By John O’Sullivan
Let me be blunt and scream this from the rooftop: the best athletes PLAY sports. They don’t work them, they play them. When sport becomes more work than play, athletes struggle, they grind, and if they cannot get back to playing instead of working, they eventually drop out. From youth to pros, when the fun goes, soon to follow is performance.
But what about developing future athletes? What is the role of play in the training and advancement of aspiring young players to the next level? Should they be practicing or playing sports? If they do both, is one more important than the other?
For kids under 12, I believe wholeheartedly the answer is yes. And that answer is PLAY!
The role of deliberate practice in skill acquisition is a hot topic. Without rehashing everything I have written on the subject in the past, simply defined deliberate practice is the focused improvement through repetitive activity, continual feedback and correction, and the delay of immediate gratification in pursuit of long term goals. There is no question that expert performers accumulate many hours of deliberate practice, and there is a strong correlation between hours of deliberate practice and performance level in elite performers.
What gets lost in the focus on practice is the massive importance of deliberate play. Researcher Jean Cote defines deliberate play as “activities such as backyard soccer or street basketball that are regulated by age-adapted rules and are set up and monitored by the children or adults engaged in the activity. These activities are intrinsically motivating, provide immediate gratification and are specifically designed to maximize enjoyment.”
In our increasingly structured world of youth sports, coupled with the decline of recess and playground pick up games, deliberate practice is increasingly emphasized, and play is deemphasized. Yet is this helping us develop better athletes? I say no.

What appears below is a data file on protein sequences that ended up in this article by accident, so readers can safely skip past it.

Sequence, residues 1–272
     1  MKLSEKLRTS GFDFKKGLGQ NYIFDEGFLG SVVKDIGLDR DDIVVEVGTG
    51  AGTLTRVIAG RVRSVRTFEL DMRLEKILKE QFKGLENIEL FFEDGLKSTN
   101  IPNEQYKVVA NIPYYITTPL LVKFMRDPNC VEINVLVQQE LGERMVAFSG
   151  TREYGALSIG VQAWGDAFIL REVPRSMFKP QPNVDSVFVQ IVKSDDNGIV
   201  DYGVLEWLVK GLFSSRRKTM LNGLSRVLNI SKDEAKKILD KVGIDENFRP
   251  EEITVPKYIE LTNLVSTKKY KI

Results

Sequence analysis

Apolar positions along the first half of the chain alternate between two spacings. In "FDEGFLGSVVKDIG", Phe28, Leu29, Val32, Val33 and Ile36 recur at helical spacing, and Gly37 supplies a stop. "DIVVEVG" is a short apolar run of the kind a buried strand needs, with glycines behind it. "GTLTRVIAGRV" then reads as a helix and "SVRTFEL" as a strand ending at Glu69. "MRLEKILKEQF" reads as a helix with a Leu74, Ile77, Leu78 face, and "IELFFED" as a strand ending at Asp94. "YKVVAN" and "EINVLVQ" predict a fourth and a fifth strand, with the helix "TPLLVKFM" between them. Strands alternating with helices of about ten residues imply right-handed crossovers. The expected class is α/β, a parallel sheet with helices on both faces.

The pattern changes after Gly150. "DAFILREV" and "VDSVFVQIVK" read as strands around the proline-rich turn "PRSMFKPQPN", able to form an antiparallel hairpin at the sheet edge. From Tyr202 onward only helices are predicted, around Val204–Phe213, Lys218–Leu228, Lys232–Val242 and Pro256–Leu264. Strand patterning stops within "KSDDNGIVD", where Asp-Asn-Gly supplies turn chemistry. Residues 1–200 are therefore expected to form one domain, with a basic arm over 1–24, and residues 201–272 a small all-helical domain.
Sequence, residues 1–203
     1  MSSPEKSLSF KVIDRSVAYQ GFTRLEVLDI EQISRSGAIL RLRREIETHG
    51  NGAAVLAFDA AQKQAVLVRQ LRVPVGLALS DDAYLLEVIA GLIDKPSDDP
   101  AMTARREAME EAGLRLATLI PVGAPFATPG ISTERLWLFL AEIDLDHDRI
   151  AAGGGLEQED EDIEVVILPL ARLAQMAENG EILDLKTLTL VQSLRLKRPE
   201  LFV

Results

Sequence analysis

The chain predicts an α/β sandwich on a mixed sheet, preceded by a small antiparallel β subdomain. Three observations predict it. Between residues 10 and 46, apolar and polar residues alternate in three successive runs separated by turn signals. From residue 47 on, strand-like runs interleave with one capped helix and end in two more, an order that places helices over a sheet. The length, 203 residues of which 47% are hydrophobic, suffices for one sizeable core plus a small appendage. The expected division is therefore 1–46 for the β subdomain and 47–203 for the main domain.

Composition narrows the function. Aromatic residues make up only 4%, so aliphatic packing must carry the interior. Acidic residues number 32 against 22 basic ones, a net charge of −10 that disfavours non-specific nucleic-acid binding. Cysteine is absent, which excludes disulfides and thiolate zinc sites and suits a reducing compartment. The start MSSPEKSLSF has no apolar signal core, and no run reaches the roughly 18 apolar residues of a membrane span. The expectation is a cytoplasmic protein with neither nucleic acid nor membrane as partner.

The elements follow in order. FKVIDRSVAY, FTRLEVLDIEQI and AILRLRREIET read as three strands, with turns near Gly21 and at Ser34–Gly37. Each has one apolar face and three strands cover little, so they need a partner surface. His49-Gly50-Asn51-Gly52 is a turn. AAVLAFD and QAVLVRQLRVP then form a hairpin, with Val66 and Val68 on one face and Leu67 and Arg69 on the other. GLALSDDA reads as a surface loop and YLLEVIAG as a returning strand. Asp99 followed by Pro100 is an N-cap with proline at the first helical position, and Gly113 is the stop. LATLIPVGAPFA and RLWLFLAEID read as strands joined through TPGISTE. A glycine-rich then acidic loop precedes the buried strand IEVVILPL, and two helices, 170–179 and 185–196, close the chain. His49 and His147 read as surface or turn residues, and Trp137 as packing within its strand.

First, at the very core of great athletes is a burning passion and love of the game. That love and enjoyment provides them with the intrinsic motivation to pursue sport excellence. While coaching can foster this love, and provide an athlete with the feedback needed to develop skill, the flame must be fed primarily by the athlete and not the coach. Kids play sports because they are fun. Sports must belong to them. Play instills this type of love and makes it fun, while practice often does not. Instilling love of the game early on sets up a player mentally to engage in deliberate practice later on.
Second, an early focus on deliberate practice and pursuit of long term success, instead of playing for the love of the game, can cause motivation to become extrinsic, rather than intrinsic. Athletes motivated extrinsically by championships, fame and social identity tied to athletic success have been shown to burnout at a much higher rate than athletes who participate for enjoyment. They are also more likely to protect that identity through cheating and other maladaptive behaviors designed to continue successful outcomes.
Third, free play and multi-sport play promotes the development of better all around athleticism. As children play less and practice more (often in a single sport) using sport specific muscles and movements, experts in many sports have noticed a decline in the agility, balance and coordination skills of young athletes as compared to decades ago.
Finally, and perhaps most importantly, play stimulates brain development. It hastens the growth of the brain centers that regulate emotion and control both attention and behavior. Play inspires thinking and adaptation, promoting creative problem solving and conflict resolution. It allows children to build their own games, define their own rules, and develop the cognitive skills that are needed not only for athletics, but in every aspect of life.
John O’Sullivan is the Founder of the Changing the Game Project, and author of the national bestseller Changing the Game: The Parents Guide to Raising Happy, High-Performing Athletes and Giving Youth Sports back to Our Kids. He is a longtime soccer player and coach on the youth, college and professional level, and a nationally known speaker on coaching and parenting in youth sports. His work has appeared in The Huffington Post, Soccer America, and SoccerWire.com, and he recently gave a TED talk on “Changing the Game in Youth Sports.”